The top finisher in the 2010 European Solar Decathlon, Virginia Tech, and second place winner in the U.S. Solar Decathlon, University of Illinois Urban-Champaign have once again chosen InsulStar SPF insulation by NCFI for their 2011 project. The insulation is widely acknowledged by sustainable building experts for its superior R-Value (measurement of thermal resistance), and its closed-cell structure that provides a superior air and moisture barrier, keeping out pollens, molds, spores, and dust.
Mark Taylor, UIUC’s managing architectural co-principle investigator for the 2011 Solar Decathlon competition, says, “One of our key design tenets is an air-tight envelope. We do that by super-insulating the walls and InsulStar SPF insulation makes that possible. That allows us to greatly downsize the mechanical system.”
This year’s UIUC entry, the Re_home, is a green, rapidly-deployed home for disaster victims. “The design this year has a very contemporary aesthetic,” says Taylor. “It’s a flexible, adaptable building that can be transported easily along the U.S. road network, with a plug-and-play PV (photovoltaic) array and a new Conditioning Energy Recovery Ventilator fresh air conditioning system developed by Newell Instruments.”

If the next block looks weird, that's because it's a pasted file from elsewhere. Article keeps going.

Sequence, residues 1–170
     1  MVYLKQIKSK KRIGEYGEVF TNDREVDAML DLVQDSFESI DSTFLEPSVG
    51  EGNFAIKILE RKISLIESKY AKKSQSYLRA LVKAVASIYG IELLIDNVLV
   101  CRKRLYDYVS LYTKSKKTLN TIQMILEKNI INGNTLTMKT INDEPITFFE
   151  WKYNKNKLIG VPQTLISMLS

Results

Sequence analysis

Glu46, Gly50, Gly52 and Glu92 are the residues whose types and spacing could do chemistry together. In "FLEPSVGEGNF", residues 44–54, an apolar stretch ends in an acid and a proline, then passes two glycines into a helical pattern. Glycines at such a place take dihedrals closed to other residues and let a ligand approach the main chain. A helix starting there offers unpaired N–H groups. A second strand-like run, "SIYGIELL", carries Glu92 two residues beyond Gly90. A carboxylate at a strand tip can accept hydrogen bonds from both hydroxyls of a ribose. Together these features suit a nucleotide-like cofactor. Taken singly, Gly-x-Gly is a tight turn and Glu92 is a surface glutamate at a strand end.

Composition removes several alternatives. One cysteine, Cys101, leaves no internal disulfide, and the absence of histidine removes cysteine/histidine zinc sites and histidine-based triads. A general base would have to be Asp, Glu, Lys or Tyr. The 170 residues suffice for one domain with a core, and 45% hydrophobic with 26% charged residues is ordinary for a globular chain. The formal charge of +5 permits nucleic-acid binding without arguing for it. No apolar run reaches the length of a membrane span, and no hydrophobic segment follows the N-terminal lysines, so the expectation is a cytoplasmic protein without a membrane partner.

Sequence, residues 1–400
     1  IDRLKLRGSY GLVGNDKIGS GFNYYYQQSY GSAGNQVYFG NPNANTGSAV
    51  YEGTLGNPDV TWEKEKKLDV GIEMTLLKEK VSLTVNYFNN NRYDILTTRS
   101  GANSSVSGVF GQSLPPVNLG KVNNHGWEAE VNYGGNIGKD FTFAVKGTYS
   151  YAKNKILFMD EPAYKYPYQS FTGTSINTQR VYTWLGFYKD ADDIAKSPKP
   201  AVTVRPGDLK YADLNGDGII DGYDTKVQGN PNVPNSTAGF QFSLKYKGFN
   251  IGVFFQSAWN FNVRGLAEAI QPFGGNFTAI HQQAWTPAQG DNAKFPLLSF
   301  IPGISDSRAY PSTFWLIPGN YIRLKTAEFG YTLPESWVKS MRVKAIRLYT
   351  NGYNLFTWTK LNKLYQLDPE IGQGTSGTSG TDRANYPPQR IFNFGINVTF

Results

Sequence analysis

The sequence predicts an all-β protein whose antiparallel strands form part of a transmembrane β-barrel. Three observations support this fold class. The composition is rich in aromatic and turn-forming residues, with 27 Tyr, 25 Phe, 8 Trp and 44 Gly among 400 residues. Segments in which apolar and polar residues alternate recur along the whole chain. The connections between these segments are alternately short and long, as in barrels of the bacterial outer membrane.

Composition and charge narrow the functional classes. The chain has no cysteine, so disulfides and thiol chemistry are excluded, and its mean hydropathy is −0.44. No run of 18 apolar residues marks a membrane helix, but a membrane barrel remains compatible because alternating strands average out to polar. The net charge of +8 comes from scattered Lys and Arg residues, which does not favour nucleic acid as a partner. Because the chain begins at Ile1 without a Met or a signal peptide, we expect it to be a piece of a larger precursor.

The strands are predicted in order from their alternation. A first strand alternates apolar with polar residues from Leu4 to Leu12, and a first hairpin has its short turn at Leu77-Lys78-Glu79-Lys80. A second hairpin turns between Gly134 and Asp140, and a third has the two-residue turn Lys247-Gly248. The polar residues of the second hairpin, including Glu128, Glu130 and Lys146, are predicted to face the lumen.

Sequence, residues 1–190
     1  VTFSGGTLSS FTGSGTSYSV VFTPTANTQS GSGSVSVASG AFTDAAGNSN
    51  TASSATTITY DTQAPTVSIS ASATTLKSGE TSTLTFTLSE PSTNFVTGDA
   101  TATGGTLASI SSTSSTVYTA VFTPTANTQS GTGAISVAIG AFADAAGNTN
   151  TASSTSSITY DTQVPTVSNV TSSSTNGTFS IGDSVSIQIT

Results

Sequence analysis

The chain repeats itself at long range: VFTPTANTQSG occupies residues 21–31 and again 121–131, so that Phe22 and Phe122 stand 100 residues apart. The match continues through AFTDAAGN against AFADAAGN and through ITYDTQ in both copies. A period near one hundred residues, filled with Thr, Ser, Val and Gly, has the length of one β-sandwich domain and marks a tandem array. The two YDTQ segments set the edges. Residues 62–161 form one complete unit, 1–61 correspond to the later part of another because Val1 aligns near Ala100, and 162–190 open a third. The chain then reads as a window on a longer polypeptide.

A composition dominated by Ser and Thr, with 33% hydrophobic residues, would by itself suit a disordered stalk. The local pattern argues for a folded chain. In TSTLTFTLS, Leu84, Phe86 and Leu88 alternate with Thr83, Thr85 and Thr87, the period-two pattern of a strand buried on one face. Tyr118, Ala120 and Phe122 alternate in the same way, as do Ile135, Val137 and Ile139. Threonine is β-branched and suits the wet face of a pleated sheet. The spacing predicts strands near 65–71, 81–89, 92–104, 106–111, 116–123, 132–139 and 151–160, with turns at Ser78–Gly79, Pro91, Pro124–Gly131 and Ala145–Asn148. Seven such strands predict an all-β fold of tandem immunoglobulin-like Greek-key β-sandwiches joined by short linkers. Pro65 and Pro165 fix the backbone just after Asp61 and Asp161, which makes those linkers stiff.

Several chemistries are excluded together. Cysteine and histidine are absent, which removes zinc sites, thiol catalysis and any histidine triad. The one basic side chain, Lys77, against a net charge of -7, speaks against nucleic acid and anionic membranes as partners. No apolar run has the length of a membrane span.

UI has chosen Homeway Homes, Peoria, Ill., as their building partner again this year. Ted Schieler, president of Homeway Homes says, “We’ve been working with UIUC for a few years now and we’re really excited about this year’s entry. Our knowledge of building and construction and their forward-thinking design is a proven winning partnership.”
Taylor agrees. “In the past we’ve gone to them with our designs and ideas and they built the home. This time we’ve studied their cutting edge fabrication and manufacturing processes to create a home we think has solid, real-world applications for any consumer who wants a super-insulatated, highly efficient home.”
The Solar Decathlon is sponsored by U.S. Department of Energy, and is a biannual competition that challenges 20 universities from around the world to design and build solar powered homes. In September, each school will transport their home to the Washington, D.C. where they will be judged for performance in ten categories: architecture, market appeal, engineering, communications, affordability, comfort zone, hot water, appliances, home entertainment, and energy balance.
Mitch Clifton, manager with NCFI who make InsulStar SPF insulation, says, “We’re pulling for all the schools that choose InsulStar for energy conservation and comfort. The UIUC team and their partner, Homeway Homes, were the top U.S. finisher in 2009 with InsulStar, and Virginia Tech won with it in Europe. Most entries include it because it’s the ideal product to make zero energy and ultimate comfort possible.” Clifton concludes. “It’s proof-positive the future of healthier, better performing buildings requires the very best, highest quality SPF insulation.”
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